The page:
A team of researchers from Carnegie Mellon University and the University of Pittsburgh Medical Center have developed a machine learning approach that automates the detection of abnormalities in digitized placenta slides, which could allow more women to be informed of risks. Examination of the placenta after a baby's birth can indicate health risks in future pregnancies, but the process is time-consuming and requires a specialist so most placentas go unexamined after a birth.
The researchers describe their work in "Decidual Vasculopathy Identification in Whole Slide Images Using Multiresolution Hierarchical Convolutional Neural Networks," published in The American Journal of Pathology, published by Elsevier.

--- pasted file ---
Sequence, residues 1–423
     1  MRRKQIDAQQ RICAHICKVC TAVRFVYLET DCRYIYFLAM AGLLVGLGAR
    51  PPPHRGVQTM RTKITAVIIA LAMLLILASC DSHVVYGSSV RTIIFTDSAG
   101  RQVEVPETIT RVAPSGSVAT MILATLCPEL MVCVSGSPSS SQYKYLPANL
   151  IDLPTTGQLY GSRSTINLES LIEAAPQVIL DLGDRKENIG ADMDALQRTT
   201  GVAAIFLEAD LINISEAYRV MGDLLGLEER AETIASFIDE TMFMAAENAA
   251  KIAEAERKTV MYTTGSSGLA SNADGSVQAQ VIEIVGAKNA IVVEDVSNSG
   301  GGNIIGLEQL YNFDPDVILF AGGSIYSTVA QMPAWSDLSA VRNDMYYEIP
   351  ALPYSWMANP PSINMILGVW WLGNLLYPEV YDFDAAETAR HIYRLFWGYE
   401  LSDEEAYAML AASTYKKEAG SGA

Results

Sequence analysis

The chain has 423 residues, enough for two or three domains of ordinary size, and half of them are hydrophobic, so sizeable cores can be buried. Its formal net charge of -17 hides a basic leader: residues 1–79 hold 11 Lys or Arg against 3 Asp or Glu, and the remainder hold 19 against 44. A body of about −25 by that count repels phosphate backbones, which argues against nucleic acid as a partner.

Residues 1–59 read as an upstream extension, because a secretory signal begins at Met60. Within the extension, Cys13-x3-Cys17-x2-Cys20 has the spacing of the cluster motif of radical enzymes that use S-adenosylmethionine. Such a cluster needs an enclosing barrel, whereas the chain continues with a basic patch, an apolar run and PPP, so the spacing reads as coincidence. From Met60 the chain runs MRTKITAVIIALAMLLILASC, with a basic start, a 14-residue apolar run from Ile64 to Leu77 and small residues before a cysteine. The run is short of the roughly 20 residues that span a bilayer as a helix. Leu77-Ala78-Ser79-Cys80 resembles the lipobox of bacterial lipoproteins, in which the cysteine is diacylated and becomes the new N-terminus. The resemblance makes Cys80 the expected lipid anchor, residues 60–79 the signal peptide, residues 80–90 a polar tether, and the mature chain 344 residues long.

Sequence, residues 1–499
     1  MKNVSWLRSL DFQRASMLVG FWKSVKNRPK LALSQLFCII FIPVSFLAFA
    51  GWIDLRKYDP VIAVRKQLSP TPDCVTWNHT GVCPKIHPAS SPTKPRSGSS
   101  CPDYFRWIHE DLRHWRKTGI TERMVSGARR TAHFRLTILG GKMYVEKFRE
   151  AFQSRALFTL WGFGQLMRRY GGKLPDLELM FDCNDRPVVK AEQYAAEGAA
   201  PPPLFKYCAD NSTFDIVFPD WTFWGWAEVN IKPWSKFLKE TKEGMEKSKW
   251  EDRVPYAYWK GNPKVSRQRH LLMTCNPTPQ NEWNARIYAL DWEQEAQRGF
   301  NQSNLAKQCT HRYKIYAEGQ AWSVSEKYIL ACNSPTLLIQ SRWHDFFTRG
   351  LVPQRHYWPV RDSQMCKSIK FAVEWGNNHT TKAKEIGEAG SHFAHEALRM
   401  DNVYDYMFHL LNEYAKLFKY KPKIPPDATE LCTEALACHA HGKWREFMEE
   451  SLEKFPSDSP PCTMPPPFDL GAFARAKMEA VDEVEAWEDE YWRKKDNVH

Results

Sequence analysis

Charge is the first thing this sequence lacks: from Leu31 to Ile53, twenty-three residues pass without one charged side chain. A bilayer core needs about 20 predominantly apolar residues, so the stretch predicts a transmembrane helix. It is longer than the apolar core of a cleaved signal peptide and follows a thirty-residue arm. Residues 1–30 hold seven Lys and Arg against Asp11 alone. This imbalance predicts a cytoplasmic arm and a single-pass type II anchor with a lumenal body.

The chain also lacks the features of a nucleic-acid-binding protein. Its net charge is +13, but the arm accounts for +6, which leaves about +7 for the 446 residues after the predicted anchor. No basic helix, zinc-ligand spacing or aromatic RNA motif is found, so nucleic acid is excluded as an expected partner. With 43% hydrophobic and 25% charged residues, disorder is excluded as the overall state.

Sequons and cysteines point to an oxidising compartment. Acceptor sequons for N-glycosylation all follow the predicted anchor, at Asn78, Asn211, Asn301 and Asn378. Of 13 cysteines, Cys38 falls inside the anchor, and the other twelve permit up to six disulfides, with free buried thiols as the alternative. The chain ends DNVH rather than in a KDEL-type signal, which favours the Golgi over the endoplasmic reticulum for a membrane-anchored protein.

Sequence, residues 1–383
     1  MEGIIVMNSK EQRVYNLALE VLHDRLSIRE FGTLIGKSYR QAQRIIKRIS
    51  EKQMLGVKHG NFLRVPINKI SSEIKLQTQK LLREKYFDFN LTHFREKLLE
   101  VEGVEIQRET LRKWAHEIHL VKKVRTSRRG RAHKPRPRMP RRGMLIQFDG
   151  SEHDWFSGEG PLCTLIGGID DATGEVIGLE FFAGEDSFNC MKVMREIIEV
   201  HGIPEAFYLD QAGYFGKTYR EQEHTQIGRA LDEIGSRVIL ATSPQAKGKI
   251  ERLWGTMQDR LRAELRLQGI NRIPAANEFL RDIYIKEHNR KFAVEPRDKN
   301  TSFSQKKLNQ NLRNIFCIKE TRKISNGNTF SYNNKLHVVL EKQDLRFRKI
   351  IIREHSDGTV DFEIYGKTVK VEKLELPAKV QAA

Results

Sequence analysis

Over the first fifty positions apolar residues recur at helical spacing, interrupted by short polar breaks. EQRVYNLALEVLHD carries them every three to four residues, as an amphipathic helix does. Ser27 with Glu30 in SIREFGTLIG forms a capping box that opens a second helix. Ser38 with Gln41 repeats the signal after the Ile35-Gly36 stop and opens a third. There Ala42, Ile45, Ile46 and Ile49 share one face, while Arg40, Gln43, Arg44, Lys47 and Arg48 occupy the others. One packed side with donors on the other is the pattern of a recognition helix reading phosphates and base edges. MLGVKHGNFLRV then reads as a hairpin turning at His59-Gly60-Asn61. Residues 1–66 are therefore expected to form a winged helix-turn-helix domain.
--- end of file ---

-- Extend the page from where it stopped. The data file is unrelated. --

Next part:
One reason placentas are examined is to look for a type of blood vessel lesions called decidual vasculopathy. These indicate the mother is at risk for preeclampsia — a complication that can be fatal to the mother and baby — in any future pregnancies. Once detected, preeclampsia can be treated, so there is considerable benefit from identifying at-risk mothers before symptoms appear.
"Our algorithm helps pathologists know which images they should focus on by scanning an image, locating blood vessels, and finding patterns of the blood vessels that identify DV," says Daniel Clymer, Department of Mechanical Engineering at CMU. "The goal here is . . . to help speed up the process by flagging regions of the image where the pathologist should take a closer look."
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